jaymanntoday

Daily Fishing and Outdoor Report

Monday, September 21, 2020: As part of this blog’s effort to focus on LBI life ...

"It's how we roll!"

BELOW: Is the orange lifesaving ring Coast Guard approved? 

BELOW: The collection of captured lures grows near the East Throughcare Bridge, Causeway. Maybe the NJDOT will retrieve them and donate them to poor fishermen.  

"We thought 'Year Round' was over.":

Monday, September 21, 2020: As part of this blog’s effort to focus on LBI life, further below you’ll find a segment on the weird rash of Surf City auto thefts and vehicle break-ins. It’s me doing a highly amateurish bit of detective work, albeit based on insight gleaned from over 50 years here upon.   

Before that, there’s a pressing need to bring up what’s blowing in the wind … as in the wind itself.

For those fully familiar with the sky tendencies hereabouts, you must admit this has been one long batch of honking north winds. It’s gotta be over a week straight. The surf? Forgetaboutit. It’s on a serious roll. You better know your stuff if you dive into the suds. 

It sure seems the mullet run has fallen victim to the total beachline roil where they swim. As of today, there are no mullet … if not fewer, if that’s at all possible. The AWOL baitfish has myself and other net heavers wondering if the migration has run it course before it even started. It has happened before but never to this extreme. Oh, that’s right, I forgot to add in the 2020 factor. We’re definitely screwed on the mulleting front.

Bay water temp today during outgoing was still well above 70.  Ocean is also holding at near 70.  

Accompanying the ongoing blow and jacked up ocean are daily road floodings, mainly the right lanes of the Boulevard. It has forced many tourists still shopping Beach Haven to divert their walk into the street to avoid deep puddles. Drive with added pedestrian care in mind when going through the Queen City at high tide.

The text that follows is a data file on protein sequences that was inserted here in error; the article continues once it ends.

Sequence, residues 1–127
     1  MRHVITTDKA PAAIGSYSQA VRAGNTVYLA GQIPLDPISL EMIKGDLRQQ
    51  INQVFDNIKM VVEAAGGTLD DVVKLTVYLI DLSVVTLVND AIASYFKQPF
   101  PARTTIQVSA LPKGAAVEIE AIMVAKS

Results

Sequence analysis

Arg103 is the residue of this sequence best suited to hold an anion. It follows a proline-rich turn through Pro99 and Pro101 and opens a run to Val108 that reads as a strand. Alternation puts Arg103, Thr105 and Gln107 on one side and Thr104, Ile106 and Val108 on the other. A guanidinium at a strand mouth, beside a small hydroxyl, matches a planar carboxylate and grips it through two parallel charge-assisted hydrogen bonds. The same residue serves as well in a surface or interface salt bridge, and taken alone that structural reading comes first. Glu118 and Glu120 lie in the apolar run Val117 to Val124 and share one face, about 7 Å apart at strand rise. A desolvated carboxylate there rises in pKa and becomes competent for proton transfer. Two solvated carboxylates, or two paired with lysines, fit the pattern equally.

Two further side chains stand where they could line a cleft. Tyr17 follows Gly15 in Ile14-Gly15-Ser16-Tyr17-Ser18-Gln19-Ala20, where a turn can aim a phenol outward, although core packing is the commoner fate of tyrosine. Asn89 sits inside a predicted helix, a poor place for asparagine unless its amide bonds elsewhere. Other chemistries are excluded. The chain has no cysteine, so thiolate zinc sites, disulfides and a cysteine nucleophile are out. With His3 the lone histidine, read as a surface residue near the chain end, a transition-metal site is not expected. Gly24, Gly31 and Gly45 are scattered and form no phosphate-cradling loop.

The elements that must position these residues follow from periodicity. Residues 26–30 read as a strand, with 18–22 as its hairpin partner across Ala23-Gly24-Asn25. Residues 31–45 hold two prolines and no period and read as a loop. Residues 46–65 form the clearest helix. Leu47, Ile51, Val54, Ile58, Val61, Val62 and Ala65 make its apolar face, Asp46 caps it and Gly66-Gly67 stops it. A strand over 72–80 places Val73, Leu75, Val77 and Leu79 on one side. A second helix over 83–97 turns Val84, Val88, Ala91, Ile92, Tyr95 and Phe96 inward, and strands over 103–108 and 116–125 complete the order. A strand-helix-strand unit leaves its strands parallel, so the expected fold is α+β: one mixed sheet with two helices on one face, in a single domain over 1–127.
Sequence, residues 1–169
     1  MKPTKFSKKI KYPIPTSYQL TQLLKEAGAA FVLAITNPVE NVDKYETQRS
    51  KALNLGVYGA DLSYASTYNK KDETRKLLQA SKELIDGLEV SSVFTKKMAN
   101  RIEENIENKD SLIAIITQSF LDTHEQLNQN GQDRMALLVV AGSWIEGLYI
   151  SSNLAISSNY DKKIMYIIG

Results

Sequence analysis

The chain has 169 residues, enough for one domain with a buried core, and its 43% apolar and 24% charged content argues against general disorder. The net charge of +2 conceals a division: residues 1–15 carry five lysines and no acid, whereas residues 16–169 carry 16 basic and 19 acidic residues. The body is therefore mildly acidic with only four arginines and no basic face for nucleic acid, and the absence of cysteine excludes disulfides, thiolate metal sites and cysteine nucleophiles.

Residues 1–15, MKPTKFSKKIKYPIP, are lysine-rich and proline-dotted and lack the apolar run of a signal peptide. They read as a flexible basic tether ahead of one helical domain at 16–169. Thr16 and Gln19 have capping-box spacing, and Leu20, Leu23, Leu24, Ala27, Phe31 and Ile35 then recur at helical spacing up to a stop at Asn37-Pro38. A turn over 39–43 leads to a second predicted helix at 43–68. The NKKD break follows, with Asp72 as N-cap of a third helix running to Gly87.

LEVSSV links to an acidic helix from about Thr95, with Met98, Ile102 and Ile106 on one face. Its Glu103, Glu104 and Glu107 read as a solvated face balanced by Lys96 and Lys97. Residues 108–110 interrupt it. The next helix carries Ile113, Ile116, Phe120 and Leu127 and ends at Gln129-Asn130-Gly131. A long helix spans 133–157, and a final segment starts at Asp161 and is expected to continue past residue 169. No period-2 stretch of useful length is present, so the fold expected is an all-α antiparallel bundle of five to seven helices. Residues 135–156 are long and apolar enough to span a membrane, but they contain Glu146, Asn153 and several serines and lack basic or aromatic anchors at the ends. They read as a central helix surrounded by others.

Even if the wind persists, waning astronomically radical tides should help reduce the so-called ponding in the roadways.

A quick buggying warning regarding Holgate: The beachline adjacent to the Forsythe Refuge has been thoroughly overwashed by the ocean at every high tide. Ocean waters are effortlessly coursing across the beach and flowing into the bay. This has caused the beach sand to become saturated … and spooky sinky when the tide drops. Note: There is no passage at high tide – none! Give the high tide a ton of tide to drop before trying to drive to the south tip. Make sure to drive in existing tire tracks, usually made by those buggyists who know how to avoid sink holes, which are as bad as they sound.  

Below: Joined me fishing. Absolutely fearless. 

ROAD TIDBITS: Surf City has switched its traffic signals to blinking. However, be very cautious when trying to enjoy the speedier trip through town since it will take many days for certain drivers – I won’t bring age into it – to not suddenly hit the brakes upon looking up and seeing the blinking yellow, thinking it’ll turn red. Guess how I know.

Speaking of driving LBI, Long Beach Township officers routinely use the east/west sideroad positioning to park in wait – observing and clocking passing vehicles. I say this to encourage everyone to simply drive safely and at a proper speed.

At to driving violators on the move, I still see texting drivers out the wazoo. As I’ve openly wondered in the past, why in bloody hell are they most often in the left lane when they’re already impaired?!